CHARLESTON, W.Va. – No Child Left Behind is history. The West Virginia Department of Education is now using a new assessment system to determine how students are progressing in class. The WESTEST 2 scores were released Wednesday.
State Superintendent of Schools Jim Phares said under No Child Left Behind you either met Annual Yearly Progress (AYP) or you didn’t. Under the new system, every public school in the state will be designated under one of five categories: success, transition, focus, support or priority.
“Under this accountability system, schools, school systems and the state will be held accountable based on the growth of every student no matter if it’s in the whole group student population or if it’s in any of the subgroups like students with disabilities or minority students,” Phares said.
Anyone can go to the state’s new website to find out how a particular school is doing when it comes to math and reading proficiency, attendance, how many students meet grade level expectations and how close students are to reaching those expectations. You can link to that website at www.wvde.state.wv.us and click on My School’s Performance.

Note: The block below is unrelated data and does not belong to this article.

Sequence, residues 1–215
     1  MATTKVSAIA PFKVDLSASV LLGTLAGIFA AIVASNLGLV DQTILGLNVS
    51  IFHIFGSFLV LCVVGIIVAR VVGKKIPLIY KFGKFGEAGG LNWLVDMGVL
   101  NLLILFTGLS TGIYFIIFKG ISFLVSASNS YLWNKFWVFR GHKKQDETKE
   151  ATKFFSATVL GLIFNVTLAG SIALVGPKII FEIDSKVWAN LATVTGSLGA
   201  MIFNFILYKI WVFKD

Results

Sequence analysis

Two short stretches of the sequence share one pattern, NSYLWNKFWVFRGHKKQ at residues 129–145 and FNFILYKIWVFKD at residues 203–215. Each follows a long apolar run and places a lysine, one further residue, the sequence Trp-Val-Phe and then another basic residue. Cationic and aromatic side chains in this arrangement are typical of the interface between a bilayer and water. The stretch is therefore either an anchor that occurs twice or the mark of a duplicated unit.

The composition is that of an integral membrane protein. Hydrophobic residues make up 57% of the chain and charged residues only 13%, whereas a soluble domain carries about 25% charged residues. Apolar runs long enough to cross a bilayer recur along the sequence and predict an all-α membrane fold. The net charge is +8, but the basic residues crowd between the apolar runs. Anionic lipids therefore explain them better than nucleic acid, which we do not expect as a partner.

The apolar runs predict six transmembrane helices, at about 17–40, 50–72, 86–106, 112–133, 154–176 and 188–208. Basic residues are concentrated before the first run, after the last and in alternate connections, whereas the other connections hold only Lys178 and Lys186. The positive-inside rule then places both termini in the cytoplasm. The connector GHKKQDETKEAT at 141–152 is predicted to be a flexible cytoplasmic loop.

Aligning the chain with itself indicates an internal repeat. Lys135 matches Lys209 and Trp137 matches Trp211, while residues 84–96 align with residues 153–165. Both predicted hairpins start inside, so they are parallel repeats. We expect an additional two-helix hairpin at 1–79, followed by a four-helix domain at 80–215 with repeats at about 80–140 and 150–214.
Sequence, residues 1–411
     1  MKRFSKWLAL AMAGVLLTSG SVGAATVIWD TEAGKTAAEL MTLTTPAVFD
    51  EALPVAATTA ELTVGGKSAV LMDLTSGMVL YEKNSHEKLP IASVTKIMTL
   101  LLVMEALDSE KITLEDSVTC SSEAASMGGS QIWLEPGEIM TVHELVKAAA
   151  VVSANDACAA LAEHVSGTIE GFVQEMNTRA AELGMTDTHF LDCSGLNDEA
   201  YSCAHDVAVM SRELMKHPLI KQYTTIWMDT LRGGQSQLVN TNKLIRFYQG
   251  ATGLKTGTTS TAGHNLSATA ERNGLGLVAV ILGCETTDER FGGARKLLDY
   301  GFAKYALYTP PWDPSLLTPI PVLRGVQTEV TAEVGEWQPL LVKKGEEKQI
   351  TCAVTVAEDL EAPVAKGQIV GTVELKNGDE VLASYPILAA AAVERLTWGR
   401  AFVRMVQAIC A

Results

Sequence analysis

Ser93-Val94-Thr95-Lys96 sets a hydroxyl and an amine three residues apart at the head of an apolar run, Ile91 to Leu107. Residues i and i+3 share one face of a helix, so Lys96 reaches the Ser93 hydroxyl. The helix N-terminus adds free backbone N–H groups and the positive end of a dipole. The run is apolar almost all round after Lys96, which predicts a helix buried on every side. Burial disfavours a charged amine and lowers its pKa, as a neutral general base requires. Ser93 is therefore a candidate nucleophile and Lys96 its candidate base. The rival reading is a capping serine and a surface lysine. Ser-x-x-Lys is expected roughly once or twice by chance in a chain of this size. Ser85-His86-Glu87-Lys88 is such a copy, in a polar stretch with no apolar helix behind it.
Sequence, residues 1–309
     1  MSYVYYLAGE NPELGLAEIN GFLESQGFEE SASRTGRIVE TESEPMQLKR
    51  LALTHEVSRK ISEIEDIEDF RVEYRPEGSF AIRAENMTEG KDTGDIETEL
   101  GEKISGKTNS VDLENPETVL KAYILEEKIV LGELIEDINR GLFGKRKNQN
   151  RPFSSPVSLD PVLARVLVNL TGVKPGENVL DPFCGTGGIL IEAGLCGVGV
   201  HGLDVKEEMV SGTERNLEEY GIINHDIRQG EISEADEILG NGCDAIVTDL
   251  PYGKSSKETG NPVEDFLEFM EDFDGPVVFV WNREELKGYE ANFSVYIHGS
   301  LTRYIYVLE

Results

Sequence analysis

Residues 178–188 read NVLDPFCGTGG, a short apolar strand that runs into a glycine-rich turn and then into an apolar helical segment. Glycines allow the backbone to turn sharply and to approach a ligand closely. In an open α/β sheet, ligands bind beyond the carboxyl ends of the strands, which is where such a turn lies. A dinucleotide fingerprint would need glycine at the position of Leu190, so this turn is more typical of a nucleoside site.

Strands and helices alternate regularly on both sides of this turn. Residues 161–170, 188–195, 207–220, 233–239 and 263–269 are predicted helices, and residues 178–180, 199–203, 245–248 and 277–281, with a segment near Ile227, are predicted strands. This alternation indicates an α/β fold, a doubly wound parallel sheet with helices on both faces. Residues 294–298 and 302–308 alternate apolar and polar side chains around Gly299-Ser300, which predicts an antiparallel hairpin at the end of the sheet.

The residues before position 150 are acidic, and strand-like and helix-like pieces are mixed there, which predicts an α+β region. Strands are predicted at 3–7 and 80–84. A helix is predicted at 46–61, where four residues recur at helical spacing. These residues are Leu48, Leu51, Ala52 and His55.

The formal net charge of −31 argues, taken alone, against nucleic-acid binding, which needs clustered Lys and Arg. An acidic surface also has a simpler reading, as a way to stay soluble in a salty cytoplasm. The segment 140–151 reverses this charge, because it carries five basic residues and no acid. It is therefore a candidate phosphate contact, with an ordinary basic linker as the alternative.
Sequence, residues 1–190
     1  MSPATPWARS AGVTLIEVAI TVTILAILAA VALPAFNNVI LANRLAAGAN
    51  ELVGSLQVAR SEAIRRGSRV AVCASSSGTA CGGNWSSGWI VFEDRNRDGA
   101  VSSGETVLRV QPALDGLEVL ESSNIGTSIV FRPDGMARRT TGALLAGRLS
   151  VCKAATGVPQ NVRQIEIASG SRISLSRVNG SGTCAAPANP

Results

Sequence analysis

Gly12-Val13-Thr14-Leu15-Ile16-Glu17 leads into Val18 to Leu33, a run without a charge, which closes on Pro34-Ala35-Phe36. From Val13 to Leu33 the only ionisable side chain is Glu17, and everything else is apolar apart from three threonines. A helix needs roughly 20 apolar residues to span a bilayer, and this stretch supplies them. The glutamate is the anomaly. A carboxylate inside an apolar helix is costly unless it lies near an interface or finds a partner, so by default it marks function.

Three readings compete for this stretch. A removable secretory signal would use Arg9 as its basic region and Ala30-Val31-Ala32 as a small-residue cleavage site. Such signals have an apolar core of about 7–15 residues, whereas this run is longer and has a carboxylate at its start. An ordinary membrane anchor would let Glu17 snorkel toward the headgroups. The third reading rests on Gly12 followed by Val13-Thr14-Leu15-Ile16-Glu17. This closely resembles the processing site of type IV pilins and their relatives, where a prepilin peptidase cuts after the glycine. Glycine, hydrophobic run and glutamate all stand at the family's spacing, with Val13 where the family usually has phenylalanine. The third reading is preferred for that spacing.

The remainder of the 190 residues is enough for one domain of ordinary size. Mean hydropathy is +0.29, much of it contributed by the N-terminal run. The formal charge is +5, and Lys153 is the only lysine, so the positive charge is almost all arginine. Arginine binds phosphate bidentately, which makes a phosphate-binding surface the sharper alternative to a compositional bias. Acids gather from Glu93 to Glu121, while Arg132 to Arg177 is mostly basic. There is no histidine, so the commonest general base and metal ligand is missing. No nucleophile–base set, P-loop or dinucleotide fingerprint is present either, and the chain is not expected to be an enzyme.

“This way each school has its own starting point and has its own finishing point and a trajectory of student growth in order to get there by 2020,” according to Phares.
Click on Jayenne Elementary School in Marion County, for example, and you’ll see they are rated as a “success” school. It received a 74.89 total index score out of 100. Compare that to Southside K-8 in McDowell County which is rated as a “priority” school with a total index score of just 21.49.
Phares said improvements will not happen overnight but the index will be especially helpful for teachers.
“They’ll be able to see these reports and see if their students are growing in the areas where they are strong, in the areas where they are weak,” explained Phares. “They can actually hold a level of accountability.”
Phares said that translates into teachers learning where they need to improve and making changes so their students succeed.
According to the latest figures only 49 percent of West Virginia public school students are proficient in reading and the number is even lower for math where only 46 percent of students meet standards.
Phares believes under the new system you’ll see drastically improved numbers by the end of the decade.